Granada Hills Charter High School students cheer for their school's… (Los Angeles Times )
A study released last week by the libertarian Cato Institute showed that students are transferring in unexpectedly large numbers from private schools to charter schools, but it framed the shift as a largely negative development. It's true, as the study reported, that such transfers cost states and taxpayers more; unlike private schools, charter schools get most of their funding from state tax dollars. Still, we see a lot to celebrate.
For years, urban public school systems such as the Los Angeles Unified School District have tried, with limited success, to lure private school families as a way of bringing in more enrollment and resources. The state funds public schools largely on the basis of how many students attend, so higher enrollment means more money for school districts. And private school parents tend to have more education and more money that they might use to help out at their schools, helping all students there. They might also become involved in lobbying for more funding for education, which would be good for public schools and charters alike.
The move to charter schools shows that private school parents can be persuaded to enter — or return to — the public system if the programs are attractive, the campuses safe and the staffs responsive. That's something public schools should take note of, and imitate.
Charter schools were developed in the early 1990s to give families a choice. Largely, that choice was intended to help impoverished families whose neighborhood schools were failure factories and who could not afford to move to different neighborhoods or send their children to private schools. But not all private school families are wealthy, so charters appeal to them as well. Some families go into debt to send their children to private schools because local public schools are so bad that they see themselves as having no other option. And transfers have been particularly high from Catholic schools, the report noted, including low-priced parochial schools, many of whose students come from families without much money.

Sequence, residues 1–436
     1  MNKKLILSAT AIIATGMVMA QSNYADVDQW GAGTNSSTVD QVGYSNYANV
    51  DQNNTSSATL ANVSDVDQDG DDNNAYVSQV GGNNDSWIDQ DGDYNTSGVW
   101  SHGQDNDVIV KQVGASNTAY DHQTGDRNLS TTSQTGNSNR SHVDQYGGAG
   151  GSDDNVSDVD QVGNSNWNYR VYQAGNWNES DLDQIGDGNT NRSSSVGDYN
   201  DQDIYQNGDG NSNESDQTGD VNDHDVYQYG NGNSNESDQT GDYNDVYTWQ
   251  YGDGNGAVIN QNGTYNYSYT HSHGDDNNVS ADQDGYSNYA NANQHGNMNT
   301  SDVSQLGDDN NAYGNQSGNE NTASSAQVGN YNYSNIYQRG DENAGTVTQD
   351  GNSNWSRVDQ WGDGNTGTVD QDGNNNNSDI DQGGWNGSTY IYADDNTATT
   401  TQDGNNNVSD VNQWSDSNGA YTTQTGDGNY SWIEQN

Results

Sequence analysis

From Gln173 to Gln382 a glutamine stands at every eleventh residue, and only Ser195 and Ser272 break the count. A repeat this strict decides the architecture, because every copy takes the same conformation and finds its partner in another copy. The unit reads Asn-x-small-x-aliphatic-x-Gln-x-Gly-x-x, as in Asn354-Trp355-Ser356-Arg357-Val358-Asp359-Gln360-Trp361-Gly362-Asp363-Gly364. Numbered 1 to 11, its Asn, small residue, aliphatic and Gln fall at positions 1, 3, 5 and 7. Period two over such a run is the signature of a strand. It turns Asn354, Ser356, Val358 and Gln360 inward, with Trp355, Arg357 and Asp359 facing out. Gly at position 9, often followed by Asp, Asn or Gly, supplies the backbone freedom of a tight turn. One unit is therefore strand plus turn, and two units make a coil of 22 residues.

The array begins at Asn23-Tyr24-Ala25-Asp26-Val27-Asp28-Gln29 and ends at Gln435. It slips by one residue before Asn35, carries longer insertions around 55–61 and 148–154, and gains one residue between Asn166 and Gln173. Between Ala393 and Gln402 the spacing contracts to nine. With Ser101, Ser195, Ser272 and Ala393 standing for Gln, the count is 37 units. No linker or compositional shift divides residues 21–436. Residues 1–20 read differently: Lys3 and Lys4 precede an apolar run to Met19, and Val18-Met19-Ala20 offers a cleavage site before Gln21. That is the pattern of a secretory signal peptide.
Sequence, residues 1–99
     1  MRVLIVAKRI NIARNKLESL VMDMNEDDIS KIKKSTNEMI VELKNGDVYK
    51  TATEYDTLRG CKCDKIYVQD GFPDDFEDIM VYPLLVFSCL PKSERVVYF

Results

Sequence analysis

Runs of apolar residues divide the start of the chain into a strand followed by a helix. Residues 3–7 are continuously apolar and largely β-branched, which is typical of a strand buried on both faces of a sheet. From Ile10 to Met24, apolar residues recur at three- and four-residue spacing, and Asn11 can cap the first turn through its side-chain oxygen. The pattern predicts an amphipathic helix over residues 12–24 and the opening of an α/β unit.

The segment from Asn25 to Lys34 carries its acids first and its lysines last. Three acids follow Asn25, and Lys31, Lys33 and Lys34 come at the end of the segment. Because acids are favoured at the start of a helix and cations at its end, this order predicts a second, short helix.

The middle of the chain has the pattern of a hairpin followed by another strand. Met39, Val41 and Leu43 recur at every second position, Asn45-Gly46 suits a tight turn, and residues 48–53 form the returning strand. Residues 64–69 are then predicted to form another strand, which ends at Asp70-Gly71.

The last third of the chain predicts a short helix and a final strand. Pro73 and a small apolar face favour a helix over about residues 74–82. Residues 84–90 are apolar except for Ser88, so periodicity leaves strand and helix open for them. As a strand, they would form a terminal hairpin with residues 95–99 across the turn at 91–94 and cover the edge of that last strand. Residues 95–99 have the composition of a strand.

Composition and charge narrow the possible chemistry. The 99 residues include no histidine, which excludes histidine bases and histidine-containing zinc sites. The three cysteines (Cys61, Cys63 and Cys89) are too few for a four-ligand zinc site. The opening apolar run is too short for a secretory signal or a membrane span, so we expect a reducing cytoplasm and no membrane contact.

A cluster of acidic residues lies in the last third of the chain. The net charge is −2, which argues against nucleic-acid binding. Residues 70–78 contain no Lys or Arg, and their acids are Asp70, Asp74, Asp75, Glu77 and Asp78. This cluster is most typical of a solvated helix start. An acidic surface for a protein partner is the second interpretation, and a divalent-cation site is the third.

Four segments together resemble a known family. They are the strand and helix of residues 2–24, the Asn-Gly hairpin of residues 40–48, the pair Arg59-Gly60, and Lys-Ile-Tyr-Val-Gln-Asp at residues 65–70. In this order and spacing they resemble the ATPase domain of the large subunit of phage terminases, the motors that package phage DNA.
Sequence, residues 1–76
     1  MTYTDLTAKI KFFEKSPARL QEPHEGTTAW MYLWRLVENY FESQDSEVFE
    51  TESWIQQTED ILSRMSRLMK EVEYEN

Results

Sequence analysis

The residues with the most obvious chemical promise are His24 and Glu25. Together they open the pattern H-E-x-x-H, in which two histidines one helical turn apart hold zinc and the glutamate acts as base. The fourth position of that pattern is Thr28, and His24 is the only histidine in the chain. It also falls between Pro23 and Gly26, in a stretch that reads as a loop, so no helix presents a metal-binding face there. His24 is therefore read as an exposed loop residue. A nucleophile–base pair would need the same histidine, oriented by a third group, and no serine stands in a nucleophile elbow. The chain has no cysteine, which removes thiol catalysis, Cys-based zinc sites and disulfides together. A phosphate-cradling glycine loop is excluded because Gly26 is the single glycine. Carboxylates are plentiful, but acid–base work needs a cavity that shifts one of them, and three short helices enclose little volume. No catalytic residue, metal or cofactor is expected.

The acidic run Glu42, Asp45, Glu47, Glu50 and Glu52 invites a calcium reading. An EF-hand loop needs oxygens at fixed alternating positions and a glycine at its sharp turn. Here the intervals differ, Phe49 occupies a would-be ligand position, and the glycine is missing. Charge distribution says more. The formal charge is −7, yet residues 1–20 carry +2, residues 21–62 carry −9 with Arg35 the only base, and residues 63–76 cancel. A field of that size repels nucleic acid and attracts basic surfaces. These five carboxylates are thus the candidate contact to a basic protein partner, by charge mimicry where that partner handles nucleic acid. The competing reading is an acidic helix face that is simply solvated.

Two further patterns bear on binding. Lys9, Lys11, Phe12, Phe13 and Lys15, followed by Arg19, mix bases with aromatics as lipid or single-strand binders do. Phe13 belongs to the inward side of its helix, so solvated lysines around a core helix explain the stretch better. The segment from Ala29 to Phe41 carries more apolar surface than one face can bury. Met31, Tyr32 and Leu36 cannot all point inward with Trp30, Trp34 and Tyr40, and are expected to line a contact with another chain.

There's long been an assumption that white parents in urban areas have turned to private schools in part to separate their children from the growing black and Latino populations in the public school system. But when white students transfer from private schools to charters, the study notes, they're moving from more segregated schools to more ethnically diverse ones. That too is a good thing.
In a robust education system, families feel as though they have worthwhile options in both the public and private schools. We see this as one move in that direction.